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  • Provost Prose

    A provost examines the world on campus and in higher ed.

Athletics on a smaller scale
November 14, 2010 - 7:49pm

I was at the last soccer match of the season and the tension level was very high. Team “Blue” had won the last time “Blue” met “Purple” and now “Purple” was vocally calling for revenge while “Blue” wanted to make their superiority even clearer by also winning this game. All around me the fans were in a state of heightened excitement yelling at the top of their lungs. Behind me I could clearly hear “Go Blue” as well as “Go get them Purple.” Next to me on the right, there was a fan yelling “Defense!!!” continuously at the top of his lungs, while on my left there was a fan yelling “Move the ball !!!” I heard “Defense” and “Move the ball” so often that I’m surprised that I didn’t start saying it in my sleep. Various spectators also called players by name encouraging them to do more and especially to score more. And if a player seemed reluctant, inevitably that person would be yelled at from the sidelines to get more involved and “PLAY THE GAME!” The coaches were also in a heightened state of tension and excitement. Each team had multiple coaches working the game. One advising the goalie of each team, one prompting the defense, and one prompting the offense. This was clearly serious athletics. And clearly serious pushing from the fans who were encouraging their team in the clearest and loudest ways possible.

I enjoy watching college soccer and I enjoy watching most college sports but this was different in that it wasn’t at the college level. Actually, it wasn’t at the high school level either and it wasn’t middle school. What’s left? The pros? A senior league? Neither one. This was a 4th grade girls’ community soccer match and my daughter was part of the “Blue” team. Both my daughters played soccer from first grade on, and typically I am sitting on the sidelines watching the matches. First grade soccer was more a social experience than a game with the kids often not yet fully understanding the concept of a goal or of teamwork. By fourth grade many are good players and watching the matches is an enjoyable sports experience. And for the kids involved the experience can also be invaluable — developing skills, the importance of practice, following the rules, being part of a team all teach key life lessons. But if winning and coming in first becomes paramount, the kids lose. Tension on the 4th grade soccer field is not a helpful experience and if we push that hard, that early what happens by the time the kids enter high school or college. Competition is part of life and clearly kids should understand that. We want our kids to compete effectively on the athletic field, in school, in their chosen profession and in life. But we need for kids and for their parents to understand, that there is more to life and learning than just competition.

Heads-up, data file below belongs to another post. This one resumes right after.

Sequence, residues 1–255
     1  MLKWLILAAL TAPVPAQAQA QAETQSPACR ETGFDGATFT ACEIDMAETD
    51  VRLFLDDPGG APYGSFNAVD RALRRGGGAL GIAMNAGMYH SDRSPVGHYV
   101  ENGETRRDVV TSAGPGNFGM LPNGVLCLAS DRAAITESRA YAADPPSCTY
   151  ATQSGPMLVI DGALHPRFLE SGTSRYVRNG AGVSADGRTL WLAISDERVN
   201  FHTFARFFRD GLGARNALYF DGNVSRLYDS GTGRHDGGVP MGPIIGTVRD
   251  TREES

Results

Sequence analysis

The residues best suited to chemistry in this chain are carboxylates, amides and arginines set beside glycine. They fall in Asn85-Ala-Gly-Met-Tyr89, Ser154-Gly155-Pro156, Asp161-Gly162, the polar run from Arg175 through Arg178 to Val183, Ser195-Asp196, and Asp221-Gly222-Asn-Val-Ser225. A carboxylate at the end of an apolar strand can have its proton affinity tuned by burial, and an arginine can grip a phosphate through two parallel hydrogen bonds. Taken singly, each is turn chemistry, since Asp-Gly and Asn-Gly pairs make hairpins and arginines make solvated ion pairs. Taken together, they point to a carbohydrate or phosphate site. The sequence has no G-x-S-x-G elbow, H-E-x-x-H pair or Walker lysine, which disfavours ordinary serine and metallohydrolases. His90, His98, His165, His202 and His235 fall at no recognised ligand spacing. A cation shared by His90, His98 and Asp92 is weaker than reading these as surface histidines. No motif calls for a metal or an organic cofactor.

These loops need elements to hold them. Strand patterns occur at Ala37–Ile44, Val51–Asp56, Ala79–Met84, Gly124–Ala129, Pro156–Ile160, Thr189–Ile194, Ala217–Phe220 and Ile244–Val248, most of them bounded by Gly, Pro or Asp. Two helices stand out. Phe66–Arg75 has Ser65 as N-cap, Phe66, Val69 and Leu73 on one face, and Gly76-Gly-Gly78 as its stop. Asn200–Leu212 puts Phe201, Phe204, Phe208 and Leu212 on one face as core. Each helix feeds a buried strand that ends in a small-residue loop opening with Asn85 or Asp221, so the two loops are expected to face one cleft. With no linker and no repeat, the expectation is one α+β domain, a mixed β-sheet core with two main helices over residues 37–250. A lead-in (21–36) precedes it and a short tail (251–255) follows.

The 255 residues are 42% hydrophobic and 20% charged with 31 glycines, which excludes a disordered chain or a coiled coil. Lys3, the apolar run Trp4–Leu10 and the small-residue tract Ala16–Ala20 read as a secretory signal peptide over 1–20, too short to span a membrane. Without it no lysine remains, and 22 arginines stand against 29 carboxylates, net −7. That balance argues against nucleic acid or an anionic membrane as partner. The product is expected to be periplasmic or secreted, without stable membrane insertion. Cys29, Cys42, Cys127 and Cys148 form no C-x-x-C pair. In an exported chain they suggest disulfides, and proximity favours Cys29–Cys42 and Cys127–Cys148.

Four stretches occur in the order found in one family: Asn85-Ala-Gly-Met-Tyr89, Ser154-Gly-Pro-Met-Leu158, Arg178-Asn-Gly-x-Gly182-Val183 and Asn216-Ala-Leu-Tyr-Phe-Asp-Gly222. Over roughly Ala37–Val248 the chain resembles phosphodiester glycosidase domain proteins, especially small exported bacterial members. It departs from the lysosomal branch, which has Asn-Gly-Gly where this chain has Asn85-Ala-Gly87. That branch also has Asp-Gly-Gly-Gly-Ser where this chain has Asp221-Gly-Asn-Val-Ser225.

This game ended in a tie. It was a great game but I am sure that some parents were disappointed. I couldn’t help but think about how this situation relates to the level of testing in our schools. Testing is more and more prevalent in K-12 education. We know it matters and for those of us in higher education we want our entering students to be as well prepared as possible, We just need to make sure that in education at every level as well as on the 4th grade soccer field, there is a proper balance.

 

 

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